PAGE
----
It’s going green, it’s going green, football’s going green!
The multi-billion pound football industry is in a unique position to promote good causes and needs to start wearing its green credentials on its sleeve.
But according to one group of waste and recycling experts, that’s easier said than done with many major football clubs bottom of the table when it comes to acting responsibly.
In fact, says eco waste collection company divert.co.uk, most people have probably never heard of the world’s greenest football club, even though they play in the English Football League.
“From partnerships with airlines, to kits that exploit foreign workers, too many football clubs pay lip-service to being green,” says Divert.co.uk spokesperson Mark Hall.
“And we can see the worst offenders right now, as top clubs jet off for long-haul pre-season tours.”
Come on you greens!
There’s no argument as to who is the world’s greenest football club – they even play in a green strip.
1. Forest Green Rovers – FGR play in England’s League Two, and are based in Gloucestershire. They’ve only been in the league for a few seasons, but they’ve already made a big impact.
The world’s first vegan football club, they’re recognised by both the UN and FIFA as the greenest football team in the world.
Owner Dale Vince – he also owns environmentally friendly energy company Ecotricity – has introduced solar panels at the stadium, a fully organic pitch, and a vegan ethos that bans red meat products from the club.
Even their green-coloured strip is green, made from recycled plastics and coffee grounds. Hard to beat when it comes to green credentials, and a credit to English football.
OK, which club is in second place?
Being green isn’t just for the small-fry. Even the monster Premier League clubs have made commitments to sustainability, and the results might surprise you. And it breaks this Arsenal-supporting press officer’s heart to say that the next on the list is…
2. Tottenham Hotspur – A brand new stadium gave the Spurs the chance to start again, and greener. They’ve popped to the top of the Premier League sustainability chart with a slew of environmental policies that keeps them just ahead of…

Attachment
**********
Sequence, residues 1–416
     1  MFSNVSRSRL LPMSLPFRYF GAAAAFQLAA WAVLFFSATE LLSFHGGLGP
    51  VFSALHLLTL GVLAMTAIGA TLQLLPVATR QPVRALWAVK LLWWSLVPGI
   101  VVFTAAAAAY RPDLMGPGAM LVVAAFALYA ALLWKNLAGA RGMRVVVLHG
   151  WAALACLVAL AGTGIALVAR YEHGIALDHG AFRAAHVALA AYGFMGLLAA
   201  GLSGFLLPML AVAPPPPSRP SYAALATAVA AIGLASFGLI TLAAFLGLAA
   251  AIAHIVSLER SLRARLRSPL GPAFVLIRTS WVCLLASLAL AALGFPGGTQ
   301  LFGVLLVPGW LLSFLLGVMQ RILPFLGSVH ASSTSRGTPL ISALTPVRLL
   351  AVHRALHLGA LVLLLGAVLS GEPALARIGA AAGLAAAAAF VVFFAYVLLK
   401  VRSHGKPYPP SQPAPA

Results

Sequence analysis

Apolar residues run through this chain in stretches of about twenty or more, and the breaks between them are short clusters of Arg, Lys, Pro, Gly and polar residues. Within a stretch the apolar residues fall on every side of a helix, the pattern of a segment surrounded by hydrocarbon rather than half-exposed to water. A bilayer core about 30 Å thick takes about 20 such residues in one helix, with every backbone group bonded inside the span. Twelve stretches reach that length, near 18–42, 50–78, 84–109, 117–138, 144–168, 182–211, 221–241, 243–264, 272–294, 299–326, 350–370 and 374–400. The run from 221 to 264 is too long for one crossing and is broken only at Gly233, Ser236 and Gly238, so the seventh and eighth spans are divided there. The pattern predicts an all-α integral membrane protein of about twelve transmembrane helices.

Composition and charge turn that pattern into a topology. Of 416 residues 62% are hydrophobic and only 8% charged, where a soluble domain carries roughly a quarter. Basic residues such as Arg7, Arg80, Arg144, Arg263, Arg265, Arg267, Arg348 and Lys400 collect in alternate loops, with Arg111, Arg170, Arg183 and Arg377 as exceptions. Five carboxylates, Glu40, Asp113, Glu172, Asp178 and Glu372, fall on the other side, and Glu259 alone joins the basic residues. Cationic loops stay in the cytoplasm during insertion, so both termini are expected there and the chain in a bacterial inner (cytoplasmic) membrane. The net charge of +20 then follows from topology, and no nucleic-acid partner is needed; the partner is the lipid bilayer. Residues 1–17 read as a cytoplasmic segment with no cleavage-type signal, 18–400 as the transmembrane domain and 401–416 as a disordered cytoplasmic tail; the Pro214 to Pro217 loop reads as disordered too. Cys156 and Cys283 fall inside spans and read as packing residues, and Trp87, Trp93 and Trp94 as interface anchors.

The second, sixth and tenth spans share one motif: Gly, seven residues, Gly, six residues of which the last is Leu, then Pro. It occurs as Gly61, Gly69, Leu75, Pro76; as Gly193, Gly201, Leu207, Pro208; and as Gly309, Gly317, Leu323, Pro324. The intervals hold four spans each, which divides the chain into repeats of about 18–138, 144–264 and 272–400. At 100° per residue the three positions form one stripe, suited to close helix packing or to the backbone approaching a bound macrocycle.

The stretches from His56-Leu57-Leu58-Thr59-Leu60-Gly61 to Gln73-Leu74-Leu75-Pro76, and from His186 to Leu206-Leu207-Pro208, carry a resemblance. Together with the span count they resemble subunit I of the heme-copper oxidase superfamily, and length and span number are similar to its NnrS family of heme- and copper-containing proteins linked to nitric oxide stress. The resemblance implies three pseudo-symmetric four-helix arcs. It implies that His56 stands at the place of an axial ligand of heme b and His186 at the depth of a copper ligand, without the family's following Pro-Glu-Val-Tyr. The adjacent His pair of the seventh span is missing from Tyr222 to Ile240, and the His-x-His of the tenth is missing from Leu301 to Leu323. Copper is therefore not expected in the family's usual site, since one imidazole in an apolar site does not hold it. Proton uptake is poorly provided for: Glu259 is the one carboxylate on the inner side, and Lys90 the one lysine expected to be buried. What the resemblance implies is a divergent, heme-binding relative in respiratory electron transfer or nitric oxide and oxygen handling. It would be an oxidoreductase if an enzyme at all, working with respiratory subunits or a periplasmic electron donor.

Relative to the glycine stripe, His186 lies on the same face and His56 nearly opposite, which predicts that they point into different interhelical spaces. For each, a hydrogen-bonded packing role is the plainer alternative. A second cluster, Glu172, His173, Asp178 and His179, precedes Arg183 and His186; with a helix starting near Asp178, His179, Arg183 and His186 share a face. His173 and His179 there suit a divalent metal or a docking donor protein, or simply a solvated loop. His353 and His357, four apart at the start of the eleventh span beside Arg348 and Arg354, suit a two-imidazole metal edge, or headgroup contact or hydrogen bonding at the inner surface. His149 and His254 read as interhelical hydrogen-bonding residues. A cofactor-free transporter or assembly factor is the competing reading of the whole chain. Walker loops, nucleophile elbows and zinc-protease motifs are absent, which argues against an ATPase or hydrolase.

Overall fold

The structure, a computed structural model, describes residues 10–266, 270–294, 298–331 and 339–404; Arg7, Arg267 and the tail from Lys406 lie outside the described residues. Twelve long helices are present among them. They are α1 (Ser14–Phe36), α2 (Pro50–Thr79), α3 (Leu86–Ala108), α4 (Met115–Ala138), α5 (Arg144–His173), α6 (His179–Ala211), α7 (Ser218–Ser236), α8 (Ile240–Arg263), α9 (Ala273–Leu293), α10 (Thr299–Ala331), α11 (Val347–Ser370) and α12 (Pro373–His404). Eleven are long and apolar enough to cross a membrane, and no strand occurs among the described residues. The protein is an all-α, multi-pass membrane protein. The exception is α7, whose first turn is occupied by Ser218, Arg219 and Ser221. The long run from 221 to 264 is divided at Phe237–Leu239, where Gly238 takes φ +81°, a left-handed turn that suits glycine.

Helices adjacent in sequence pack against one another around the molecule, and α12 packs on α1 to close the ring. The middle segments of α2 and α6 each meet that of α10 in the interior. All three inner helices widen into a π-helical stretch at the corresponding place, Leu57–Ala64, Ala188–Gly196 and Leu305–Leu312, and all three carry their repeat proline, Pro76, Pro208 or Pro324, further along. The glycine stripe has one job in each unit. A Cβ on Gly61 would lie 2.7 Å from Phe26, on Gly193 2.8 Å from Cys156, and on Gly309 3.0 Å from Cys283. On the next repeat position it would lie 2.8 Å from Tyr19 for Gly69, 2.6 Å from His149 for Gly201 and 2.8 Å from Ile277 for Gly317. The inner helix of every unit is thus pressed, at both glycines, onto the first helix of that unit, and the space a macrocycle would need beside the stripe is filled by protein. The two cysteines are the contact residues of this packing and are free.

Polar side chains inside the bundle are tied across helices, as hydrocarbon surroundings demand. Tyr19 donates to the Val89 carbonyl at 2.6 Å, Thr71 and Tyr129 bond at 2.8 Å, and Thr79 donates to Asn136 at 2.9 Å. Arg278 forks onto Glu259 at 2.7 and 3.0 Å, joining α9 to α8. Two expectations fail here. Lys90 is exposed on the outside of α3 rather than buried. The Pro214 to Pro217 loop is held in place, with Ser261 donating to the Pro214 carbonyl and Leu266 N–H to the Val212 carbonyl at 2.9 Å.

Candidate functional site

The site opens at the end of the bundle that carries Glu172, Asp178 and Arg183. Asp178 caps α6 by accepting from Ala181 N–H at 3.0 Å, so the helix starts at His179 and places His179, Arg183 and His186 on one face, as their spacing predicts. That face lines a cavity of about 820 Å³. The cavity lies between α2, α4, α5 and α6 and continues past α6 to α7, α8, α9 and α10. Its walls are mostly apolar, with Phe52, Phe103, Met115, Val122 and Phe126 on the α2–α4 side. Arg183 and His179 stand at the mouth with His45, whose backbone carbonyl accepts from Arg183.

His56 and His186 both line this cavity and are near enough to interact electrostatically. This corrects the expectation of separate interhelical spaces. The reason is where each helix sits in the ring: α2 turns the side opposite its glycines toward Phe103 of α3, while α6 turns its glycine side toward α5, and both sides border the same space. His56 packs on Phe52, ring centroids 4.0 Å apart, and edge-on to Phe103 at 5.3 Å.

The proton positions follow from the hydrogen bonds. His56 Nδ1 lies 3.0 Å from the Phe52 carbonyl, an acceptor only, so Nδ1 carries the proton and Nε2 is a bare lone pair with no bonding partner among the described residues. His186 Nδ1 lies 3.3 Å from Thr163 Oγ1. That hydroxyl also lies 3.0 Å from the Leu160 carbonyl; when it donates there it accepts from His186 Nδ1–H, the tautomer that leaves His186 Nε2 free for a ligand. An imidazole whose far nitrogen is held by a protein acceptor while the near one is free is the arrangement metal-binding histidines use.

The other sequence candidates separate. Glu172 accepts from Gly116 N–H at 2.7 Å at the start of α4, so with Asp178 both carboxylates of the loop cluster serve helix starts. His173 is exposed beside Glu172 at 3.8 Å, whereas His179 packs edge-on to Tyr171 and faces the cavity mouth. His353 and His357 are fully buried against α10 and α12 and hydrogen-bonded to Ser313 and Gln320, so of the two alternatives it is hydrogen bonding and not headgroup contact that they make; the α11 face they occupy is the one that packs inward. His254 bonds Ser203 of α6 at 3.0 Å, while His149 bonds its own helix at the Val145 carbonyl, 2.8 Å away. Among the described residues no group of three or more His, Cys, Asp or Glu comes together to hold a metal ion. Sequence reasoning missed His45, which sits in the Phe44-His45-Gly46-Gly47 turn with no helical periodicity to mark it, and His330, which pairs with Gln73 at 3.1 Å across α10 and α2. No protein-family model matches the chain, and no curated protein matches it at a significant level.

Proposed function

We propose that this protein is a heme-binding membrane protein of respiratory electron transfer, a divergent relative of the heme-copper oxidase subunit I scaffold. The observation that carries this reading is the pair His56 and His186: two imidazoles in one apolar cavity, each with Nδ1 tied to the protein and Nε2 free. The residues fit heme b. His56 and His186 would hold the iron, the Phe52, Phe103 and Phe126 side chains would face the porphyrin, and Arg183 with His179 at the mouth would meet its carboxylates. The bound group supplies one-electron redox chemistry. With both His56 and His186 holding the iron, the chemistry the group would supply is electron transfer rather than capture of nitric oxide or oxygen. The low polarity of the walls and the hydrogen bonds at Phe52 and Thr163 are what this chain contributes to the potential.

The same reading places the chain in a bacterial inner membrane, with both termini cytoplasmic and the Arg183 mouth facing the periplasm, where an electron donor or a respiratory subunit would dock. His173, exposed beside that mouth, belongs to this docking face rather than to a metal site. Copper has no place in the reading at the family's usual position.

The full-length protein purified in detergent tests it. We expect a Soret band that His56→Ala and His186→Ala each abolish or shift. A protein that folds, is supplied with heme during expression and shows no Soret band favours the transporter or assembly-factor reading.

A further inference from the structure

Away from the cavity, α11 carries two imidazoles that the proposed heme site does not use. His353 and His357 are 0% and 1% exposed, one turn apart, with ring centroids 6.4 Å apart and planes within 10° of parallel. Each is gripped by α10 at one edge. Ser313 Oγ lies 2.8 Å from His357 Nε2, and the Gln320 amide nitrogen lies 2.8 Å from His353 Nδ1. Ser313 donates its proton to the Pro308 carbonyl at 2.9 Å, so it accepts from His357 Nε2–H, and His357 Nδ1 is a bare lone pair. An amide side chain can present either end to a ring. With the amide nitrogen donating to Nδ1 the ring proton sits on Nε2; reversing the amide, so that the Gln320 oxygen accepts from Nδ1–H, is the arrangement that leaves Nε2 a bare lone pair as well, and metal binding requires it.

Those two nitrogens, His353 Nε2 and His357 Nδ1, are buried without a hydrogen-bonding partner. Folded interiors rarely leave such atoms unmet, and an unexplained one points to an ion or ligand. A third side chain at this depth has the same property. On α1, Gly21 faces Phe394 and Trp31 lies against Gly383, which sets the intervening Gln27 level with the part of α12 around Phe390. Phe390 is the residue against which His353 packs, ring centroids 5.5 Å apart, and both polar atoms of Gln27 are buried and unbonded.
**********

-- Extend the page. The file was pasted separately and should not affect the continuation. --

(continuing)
3. Arsenal – The club processes its waste on site (fans say this happens on the pitch every match day), and has a space-age battery system that makes the most of green energy.
4. Brighton and Hove Albion – A relatively new out-of-town stadium, where the club is doing its best to use renewable power, locally-sourced refreshments, and slashing single-use plastics.
5. Athletic Bilbao – An unusual European club which literally only buys local, including their players – the Basque club only signs players native to the Basque region. As green credentials go, not signing players from the other side of the planet recalls a long-lost era of local teams for local people.
6. Manchester United – A club this large and this visible needs to be sustainable, and United not only works to improve its green credentials, they go out of their way to teach fans how to reduce waste and increase recycling.
Mark Hall: “Most clubs are now publishing their green policies as they realise that tens of thousands of fans descending on the stadium by car, drinking out of plastic cups, and eating meat-based snacks is very ungreen indeed.
“And the Premier League Sustainability table, now in its third year, is not only making those left behind think twice, it’s also educating fans to act more responsibly.”
Heading for relegation
We’re not about naming and shaming the laggards, and not even the clubs listed above are entirely innocent. Here’s some of the behaviours that football clubs need to stamp out to improve their green credentials:
Unnecessary Travel: Many clubs claim to be green, but then they jet off to the US or the Far East for lucrative pre-season friendlies that only exist to please sponsors. If your favourite club does this, have a word. Even flying to away matches in the UK should be frowned upon. Top tip: Avoid unnecessary foreign travel by getting knocked out of European competition at the earliest possible opportunity. And that leads us to…
Dodgy sponsorship deals: Is your club sponsored by a long-haul airline? Does that airline use its sponsorship to greenwash their credentials? Not naming names, but – frankly – it’s embarrassing.
Sweatshop replica kits: A decades-long blot on the sports industry. The XXXXXXL pie-eater size shirt you’ve bought from the club shop for somewhere north of sixty pounds was probably manufactured for a fraction of the cost in a cramped, dangerous factory by overworked labourers, some of school age. This needs to end.
Players with massive cars: How can your club claim to be green when the star striker turns up in a petrol-guzzling supercar? Be more like England star John Stones, who drives an old Mini to work. Clubs should insist players only appear on club premises if they arrive in a green vehicle.
“Millions of people follow football, and clubs should be setting an example,” says Mark Hall. “They can’t all be like Forest Green, but they can at least try.”